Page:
Today is the second day of Passover, the Jewish holiday where we commemorate the Jews' exodus from Egypt and recall how special it is to be free of persecution. We drink lots of wine (four glasses during the traditional Seder), sing songs, and offer prayers of gratitude. Not to mention eat a metric ton of food and desserts that camp out in our bowels for about a week. That may partially explain why the Seder mandates we recline more deeply during the service as a measure of our ability to enjoy ourselves to the fullest at that moment in time. We simply can't move after the meal! So we might as well get comfortable!
Passover coincides nicely with my quick return to Ironman training. Of course, this is ironic because I feel like I'm losing my freedom again just a bit, especially after my past week of decadence. My body is protesting ever so slightly too, as in refusing to wake up this morning in time for the Fortius team 6 a.m. swim. I looked at the clock at 5:20, quickly deciding "uh-uh" before turning my alarm off for another hour's rest. Going from eight to nine hours of sleep for a week back down to six just wasn't going to happen the morning after a massive food coma.
My extra snooze time paid off though, as I arrived to the pool around 7:45 a.m. to find Coach Gerardo along with swim instructor, neighbor and friend Megan training in a nearby lane. OK, I didn't really see them at first and trained on my own for about 30 minutes with drills while racking up a pretty pedestrian 1,000 yards.
But the next 30 minutes, I was lucky enough to receive intensive instruction from Gerardo and Megan on all the things wrong with my swim technique.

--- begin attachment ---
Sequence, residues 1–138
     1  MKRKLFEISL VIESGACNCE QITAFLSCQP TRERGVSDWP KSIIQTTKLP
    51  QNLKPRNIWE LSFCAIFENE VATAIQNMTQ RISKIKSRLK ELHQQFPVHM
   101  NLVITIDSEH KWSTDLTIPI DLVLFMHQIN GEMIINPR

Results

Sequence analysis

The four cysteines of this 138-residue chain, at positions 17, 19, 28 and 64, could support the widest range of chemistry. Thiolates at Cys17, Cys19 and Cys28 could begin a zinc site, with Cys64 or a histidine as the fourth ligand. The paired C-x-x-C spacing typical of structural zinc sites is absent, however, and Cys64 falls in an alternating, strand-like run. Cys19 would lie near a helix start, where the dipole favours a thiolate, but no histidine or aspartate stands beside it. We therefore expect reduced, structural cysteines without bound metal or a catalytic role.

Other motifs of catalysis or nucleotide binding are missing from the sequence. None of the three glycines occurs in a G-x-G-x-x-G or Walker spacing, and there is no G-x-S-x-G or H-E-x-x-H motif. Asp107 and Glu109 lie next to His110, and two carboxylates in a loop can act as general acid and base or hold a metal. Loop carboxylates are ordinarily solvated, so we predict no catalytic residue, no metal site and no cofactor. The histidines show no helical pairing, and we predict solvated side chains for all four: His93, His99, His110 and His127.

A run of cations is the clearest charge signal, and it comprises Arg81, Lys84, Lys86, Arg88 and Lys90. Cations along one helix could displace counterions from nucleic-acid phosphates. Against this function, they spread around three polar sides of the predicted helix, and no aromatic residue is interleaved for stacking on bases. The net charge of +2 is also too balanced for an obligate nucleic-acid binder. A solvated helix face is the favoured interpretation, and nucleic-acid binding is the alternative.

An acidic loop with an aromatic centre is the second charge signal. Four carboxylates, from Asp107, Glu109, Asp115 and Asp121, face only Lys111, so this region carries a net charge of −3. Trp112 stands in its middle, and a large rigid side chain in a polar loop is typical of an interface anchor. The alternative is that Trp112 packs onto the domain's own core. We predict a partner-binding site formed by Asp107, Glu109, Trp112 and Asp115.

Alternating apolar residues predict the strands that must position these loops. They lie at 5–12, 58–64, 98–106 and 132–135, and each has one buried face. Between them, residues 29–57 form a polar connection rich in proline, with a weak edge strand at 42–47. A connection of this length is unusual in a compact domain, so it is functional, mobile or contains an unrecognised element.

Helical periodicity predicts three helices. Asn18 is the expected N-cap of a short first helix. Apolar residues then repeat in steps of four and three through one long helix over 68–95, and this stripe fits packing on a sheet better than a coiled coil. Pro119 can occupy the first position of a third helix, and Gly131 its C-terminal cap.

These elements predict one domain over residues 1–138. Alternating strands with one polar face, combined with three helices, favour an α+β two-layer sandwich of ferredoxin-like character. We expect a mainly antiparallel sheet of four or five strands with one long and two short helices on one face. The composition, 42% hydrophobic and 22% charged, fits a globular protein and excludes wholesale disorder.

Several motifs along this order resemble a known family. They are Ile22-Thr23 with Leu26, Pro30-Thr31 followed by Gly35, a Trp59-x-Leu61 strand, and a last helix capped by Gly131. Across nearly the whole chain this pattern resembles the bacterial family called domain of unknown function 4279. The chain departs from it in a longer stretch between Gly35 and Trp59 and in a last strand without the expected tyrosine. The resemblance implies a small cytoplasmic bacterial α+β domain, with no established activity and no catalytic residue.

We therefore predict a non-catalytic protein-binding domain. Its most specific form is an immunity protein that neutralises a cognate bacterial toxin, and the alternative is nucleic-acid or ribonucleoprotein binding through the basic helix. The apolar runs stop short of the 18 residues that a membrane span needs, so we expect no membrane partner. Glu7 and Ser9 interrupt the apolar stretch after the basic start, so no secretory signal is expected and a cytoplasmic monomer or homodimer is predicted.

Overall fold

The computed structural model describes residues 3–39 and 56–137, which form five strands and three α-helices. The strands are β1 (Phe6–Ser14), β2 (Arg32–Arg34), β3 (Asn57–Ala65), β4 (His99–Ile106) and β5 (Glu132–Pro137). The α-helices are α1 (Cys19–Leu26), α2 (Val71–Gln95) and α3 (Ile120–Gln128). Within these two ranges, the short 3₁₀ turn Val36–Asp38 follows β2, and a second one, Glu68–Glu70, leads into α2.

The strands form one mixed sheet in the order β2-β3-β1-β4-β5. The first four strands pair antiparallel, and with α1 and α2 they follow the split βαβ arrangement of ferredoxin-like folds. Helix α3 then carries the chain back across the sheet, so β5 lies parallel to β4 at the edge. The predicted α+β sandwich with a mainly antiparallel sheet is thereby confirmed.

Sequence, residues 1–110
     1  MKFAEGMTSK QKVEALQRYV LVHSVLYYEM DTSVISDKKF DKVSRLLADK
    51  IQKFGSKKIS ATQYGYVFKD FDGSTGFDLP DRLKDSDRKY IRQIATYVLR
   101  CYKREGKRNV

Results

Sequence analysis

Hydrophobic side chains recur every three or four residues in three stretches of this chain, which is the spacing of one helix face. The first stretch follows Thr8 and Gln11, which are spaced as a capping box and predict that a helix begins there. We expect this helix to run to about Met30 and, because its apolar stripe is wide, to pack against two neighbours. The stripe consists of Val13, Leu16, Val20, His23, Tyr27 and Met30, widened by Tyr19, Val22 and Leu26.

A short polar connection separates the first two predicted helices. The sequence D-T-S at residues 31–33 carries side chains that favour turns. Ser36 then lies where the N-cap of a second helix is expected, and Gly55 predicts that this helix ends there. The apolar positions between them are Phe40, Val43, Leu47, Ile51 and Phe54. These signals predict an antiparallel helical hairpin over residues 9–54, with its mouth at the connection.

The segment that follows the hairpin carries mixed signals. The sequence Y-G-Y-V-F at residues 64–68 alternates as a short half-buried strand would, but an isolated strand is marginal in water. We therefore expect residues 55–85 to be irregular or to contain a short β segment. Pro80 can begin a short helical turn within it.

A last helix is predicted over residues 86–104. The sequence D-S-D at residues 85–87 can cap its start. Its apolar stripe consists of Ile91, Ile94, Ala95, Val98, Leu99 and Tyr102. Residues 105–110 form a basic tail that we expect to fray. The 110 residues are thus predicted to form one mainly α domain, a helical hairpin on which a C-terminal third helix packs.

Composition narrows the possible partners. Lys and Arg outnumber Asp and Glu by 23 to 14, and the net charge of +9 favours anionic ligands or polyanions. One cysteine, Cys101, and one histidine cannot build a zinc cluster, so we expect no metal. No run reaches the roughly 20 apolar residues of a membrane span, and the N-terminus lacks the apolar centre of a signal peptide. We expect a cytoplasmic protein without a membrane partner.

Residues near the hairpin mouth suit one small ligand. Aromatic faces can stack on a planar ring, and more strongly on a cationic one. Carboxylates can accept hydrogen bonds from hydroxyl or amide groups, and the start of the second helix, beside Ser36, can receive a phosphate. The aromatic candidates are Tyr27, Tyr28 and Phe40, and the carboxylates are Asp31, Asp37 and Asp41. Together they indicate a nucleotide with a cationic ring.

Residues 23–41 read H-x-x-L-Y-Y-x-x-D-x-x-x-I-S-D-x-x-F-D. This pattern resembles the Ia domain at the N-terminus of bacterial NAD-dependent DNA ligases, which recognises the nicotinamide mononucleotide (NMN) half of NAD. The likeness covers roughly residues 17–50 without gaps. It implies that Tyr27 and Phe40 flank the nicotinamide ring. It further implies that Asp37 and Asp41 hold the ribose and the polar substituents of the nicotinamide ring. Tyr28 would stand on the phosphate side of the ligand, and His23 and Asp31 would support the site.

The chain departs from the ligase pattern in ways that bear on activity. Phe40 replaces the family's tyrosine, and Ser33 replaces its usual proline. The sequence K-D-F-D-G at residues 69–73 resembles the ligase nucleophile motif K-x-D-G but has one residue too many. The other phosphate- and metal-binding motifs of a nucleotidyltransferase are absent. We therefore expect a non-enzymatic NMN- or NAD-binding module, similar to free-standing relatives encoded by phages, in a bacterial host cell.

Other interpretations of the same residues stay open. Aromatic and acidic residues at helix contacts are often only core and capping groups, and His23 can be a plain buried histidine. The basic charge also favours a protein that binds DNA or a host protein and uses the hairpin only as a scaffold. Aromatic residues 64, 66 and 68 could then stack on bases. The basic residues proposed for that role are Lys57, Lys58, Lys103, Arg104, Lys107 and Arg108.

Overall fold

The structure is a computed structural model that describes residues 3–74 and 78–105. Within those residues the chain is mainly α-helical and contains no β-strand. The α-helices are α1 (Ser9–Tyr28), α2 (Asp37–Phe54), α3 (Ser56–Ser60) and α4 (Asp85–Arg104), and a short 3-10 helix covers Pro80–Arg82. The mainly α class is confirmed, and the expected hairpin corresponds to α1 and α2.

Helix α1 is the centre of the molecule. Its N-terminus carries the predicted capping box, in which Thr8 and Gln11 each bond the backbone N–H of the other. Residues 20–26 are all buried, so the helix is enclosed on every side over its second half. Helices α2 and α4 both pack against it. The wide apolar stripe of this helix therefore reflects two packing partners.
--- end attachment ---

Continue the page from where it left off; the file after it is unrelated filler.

Folks, there's a lot. Too much to recite here. Probably too much for a 30 minute session. Let me put it to you this way, if I could start over and learn how to swim from scratch, I would. I think I pretty much suck at swimming at this point.
Fortunately, Gerardo and Megan are not Egyptian taskmasters when it comes to their coaching. They patiently showed me that once again, I'm not extending my arms fully before entering the water, and that I'm just not relaxed enough -- which translates to wasted energy.
It took several laps and frustration before I experienced any modicum of progress, but by the end of my workout Gerardo said I was getting the hang of it. I was keeping my elbow higher longer through the stroke, dragging my fingertips out of the water longer before entering at the last possible point in the stroke. And I was shifting my weight from side to side better, using my hips more effectively.
I thought, "Cool, if you say so."
I'll just keep practicing. Honestly, I've never felt more like a fish out of water in the water. Swimming is practically like one of Pharaoh's 10 plagues at this point, as in people feel sick after watching me swim!
During lunch, I participated in a yoga class at our work gym. One big thing I noticed during my practice was how tight I had become just with one week of inactivity. The body really does operate like a well-oiled machine, and when that machine isn't being used -- rust sets in. Probably faster the older one gets.
Joy. Not only am I a slave to a schedule, but I'm a slave to my own body.
Which makes me wonder: Am I my own worst taskmaster?
Wait, don't answer that.
238 days and counting.